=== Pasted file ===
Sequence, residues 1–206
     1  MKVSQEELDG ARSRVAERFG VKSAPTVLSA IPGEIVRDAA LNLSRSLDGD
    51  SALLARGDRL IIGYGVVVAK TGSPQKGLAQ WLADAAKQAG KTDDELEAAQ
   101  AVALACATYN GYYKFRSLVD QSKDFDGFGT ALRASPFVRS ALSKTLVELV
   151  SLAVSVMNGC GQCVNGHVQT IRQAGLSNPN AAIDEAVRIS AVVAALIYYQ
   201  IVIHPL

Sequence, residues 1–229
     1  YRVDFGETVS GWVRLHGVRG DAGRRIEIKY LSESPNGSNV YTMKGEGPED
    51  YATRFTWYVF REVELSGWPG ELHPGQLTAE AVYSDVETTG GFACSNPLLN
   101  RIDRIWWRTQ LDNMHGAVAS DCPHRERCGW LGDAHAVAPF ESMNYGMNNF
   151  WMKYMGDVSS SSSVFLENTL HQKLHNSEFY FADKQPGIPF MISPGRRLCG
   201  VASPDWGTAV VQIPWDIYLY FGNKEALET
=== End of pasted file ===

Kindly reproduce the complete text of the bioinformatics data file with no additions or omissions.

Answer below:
Sequence, residues 1–206
     1  MKVSQEELDG ARSRVAERFG VKSAPTVLSA IPGEIVRDAA LNLSRSLDGD
    51  SALLARGDRL IIGYGVVVAK TGSPQKGLAQ WLADAAKQAG KTDDELEAAQ
   101  AVALACATYN GYYKFRSLVD QSKDFDGFGT ALRASPFVRS ALSKTLVELV
   151  SLAVSVMNGC GQCVNGHVQT IRQAGLSNPN AAIDEAVRIS AVVAALIYYQ
   201  IVIHPL

Sequence, residues 1–229
     1  YRVDFGETVS GWVRLHGVRG DAGRRIEIKY LSESPNGSNV YTMKGEGPED
    51  YATRFTWYVF REVELSGWPG ELHPGQLTAE AVYSDVETTG GFACSNPLLN
   101  RIDRIWWRTQ LDNMHGAVAS DCPHRERCGW LGDAHAVAPF ESMNYGMNNF
   151  WMKYMGDVSS SSSVFLENTL HQKLHNSEFY FADKQPGIPF MISPGRRLCG
   201  VASPDWGTAV VQIPWDIYLY FGNKEALET